- By The Shins - Aural Apothecary/Columbia Records
- Port of Morrow
After The Shins' last record, the 2007 release Wincing the Night Away, bandleader, songwriter and vocalist James Mercer dismissed his entire band. He then reconfigured the line-up with a group of indie musicians including drummer Joe Plummer from Modest Mouse, Crystal Skulls bassist Yuuki Matthews and Eric D. Johnson from The Fruit Bats.
It's no great surprise that The Shins is (and always was) Mercer's vehicle. What is a surprise, however, is how much Mercer's songwriting has matured. He explores less anxious themes and executes melodies in a more relaxed delivery, while allowing for a broader, expansive production. Hardcore Shins fans may shout in protest, but Mercer has delivered one of The Shins' strongest and most satisfying records to date in the form of their new release, *Port of Morrow. *
From the upbeat opening cut, "The Rifle's Spiral," a dark narrative wrapped in a deceivingly bouncy pop blanket, Port of Morrow's layered sound instantly emits with a big splash. Experienced producer and instrumentalist Greg Kurstin works Mercer's compositions well, achieving a sound that enhances but is never excessive.
In between Shins records Mercer collaborated with high-profile producer Brian Burton, aka Danger Mouse on the project, Broken Bells. Fueled by that experience, Mercer's confidence - both as a songwriter and performer - is evident. He commented in a recent Mojo magazine interview that Burton "opened me up to the idea that I could be more of a collective." By tapping into this new "collective" of musicians, Mercer and Kurstin exploit strengths, like employing Wild Flag's drummer Janet Weiss for "A Simple Song," enabling the band to transform a previously spare song into a full, dynamic piece.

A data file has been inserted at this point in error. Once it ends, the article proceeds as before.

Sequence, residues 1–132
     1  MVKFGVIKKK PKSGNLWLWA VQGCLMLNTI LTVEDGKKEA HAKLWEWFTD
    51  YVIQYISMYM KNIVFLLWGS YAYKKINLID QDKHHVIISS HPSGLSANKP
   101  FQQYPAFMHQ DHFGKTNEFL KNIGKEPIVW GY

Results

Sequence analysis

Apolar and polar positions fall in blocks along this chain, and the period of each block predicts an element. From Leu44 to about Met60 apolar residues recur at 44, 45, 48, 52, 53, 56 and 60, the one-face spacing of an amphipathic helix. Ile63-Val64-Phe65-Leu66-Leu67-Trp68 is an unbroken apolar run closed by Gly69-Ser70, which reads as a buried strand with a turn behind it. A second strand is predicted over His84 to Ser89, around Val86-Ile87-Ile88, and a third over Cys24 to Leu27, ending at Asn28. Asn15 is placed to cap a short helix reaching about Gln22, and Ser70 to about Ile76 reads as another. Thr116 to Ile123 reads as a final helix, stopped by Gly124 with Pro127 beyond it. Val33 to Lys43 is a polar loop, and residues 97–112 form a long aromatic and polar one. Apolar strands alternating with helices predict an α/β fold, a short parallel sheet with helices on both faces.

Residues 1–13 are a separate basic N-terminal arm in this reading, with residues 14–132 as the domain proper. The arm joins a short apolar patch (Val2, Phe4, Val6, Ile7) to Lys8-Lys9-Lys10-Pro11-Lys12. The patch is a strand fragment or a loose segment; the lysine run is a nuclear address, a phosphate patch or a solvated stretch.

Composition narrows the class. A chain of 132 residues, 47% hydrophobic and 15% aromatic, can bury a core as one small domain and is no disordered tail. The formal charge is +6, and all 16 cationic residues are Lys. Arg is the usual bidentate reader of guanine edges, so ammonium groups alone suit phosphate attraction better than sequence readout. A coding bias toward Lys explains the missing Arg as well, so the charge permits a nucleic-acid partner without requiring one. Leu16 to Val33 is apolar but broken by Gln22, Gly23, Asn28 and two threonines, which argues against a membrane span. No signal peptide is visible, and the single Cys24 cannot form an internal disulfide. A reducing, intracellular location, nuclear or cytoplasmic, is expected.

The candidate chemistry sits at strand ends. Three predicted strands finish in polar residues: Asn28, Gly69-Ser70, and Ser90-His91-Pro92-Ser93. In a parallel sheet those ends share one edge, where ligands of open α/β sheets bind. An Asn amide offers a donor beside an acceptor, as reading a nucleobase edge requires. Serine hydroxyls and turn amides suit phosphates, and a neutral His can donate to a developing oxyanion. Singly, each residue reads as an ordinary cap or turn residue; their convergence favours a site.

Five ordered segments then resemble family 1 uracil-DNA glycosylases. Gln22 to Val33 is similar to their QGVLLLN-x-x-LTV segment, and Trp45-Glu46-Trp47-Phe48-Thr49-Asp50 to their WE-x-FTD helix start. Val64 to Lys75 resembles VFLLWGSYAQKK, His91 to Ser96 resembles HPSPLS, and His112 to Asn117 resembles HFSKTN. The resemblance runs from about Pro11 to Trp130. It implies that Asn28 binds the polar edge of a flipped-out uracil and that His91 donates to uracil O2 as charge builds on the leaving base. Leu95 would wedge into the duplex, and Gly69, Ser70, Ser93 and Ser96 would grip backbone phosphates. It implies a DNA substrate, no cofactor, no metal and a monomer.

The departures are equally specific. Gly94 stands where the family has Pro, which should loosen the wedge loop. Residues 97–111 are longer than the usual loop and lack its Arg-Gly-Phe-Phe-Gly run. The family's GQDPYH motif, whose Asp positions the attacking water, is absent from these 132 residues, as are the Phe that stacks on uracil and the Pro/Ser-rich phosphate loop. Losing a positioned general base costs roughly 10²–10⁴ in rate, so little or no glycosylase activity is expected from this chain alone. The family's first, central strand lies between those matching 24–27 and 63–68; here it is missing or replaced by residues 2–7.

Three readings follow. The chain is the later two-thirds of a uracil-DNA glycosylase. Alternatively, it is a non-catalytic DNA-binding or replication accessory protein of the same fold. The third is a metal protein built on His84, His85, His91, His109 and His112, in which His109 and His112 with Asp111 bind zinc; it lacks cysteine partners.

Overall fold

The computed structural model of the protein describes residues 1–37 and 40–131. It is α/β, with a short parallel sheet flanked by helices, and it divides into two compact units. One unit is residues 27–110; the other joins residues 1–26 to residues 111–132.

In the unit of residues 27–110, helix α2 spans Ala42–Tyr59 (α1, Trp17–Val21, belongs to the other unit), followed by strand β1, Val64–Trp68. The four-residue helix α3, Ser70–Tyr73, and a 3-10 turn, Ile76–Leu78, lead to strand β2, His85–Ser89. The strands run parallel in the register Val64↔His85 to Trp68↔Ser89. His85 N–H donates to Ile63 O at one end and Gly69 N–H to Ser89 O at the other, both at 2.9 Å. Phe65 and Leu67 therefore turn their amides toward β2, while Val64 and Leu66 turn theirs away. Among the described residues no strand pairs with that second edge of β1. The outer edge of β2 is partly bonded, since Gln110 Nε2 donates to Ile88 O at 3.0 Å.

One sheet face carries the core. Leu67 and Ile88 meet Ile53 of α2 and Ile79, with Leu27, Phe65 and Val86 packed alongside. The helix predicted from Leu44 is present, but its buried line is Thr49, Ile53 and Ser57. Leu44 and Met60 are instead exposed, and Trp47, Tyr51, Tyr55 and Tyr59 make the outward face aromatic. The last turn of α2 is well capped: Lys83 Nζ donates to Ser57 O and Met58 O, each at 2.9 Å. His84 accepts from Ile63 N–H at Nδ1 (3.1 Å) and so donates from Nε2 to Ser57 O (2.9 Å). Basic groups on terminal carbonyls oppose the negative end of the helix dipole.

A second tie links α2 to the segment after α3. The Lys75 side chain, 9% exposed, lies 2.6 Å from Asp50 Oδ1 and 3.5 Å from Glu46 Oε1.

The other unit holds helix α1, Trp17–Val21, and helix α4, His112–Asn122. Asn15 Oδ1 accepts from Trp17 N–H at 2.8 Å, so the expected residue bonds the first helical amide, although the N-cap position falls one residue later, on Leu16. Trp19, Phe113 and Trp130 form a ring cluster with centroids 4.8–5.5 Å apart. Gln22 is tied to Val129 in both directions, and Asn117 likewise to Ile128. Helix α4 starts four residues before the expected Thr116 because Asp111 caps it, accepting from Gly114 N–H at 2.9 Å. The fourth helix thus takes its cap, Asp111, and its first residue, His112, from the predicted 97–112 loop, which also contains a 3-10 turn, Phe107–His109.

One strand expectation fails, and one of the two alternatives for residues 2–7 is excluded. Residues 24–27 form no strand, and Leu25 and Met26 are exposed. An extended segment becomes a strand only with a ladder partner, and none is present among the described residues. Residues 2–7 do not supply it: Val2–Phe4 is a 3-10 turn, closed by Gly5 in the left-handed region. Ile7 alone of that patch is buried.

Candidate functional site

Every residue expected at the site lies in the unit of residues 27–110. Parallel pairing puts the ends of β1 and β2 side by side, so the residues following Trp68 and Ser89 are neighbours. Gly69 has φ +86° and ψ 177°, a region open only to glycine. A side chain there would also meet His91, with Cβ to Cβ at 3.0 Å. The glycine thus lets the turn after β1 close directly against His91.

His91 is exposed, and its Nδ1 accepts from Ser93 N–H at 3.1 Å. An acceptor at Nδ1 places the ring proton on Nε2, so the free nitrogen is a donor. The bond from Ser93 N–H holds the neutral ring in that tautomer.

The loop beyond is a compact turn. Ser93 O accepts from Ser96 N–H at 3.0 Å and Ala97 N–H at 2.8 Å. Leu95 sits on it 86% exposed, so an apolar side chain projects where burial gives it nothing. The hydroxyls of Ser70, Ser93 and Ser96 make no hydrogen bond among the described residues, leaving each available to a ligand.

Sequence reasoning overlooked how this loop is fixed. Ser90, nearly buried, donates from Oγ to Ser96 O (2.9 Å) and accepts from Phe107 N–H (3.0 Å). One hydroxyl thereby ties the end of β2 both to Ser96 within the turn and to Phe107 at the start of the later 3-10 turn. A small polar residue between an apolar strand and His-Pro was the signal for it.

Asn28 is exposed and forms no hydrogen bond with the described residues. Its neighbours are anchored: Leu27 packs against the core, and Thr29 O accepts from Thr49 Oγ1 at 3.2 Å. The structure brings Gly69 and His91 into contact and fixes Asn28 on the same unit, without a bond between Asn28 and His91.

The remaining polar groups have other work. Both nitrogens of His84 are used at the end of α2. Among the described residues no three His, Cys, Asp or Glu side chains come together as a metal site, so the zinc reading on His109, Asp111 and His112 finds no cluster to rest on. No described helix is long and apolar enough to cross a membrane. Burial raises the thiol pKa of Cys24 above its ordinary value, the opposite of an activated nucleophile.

While Port of Morrow possesses many of Mercer's familiar ascending/descending vocal melodies, there are also a number of songs that break from the mold, fitting into more of a solo category. "Bait and Switch" revs with a Brazilian Tropicalia swing (reminiscent to the territory staked out by Beck), while "Fall of ‘82" cops a melody from Steely Dan's "Reeling In The Years," and "40 Mark Strasse" lifts from Daryl Hall & John Oates (Kurstin's duo project The Bird and The Bee recorded a 2010 tribute record to the ‘70s blue-eyed soul duo).
Oddly, the combination of using borrowed influences and a rich production blend smoothly with Mercer's defined, melodic sense of pop. Port of Morrow doesn't always succeed - as in "September," which sounds like a rewriting of "New Slang" - but it places Mercer in an interesting career point, one that straddles the fence between his past band and his solo voice. Regardless, Port of Morrow offers a sparkling harbor and point of departure for its evolving leader.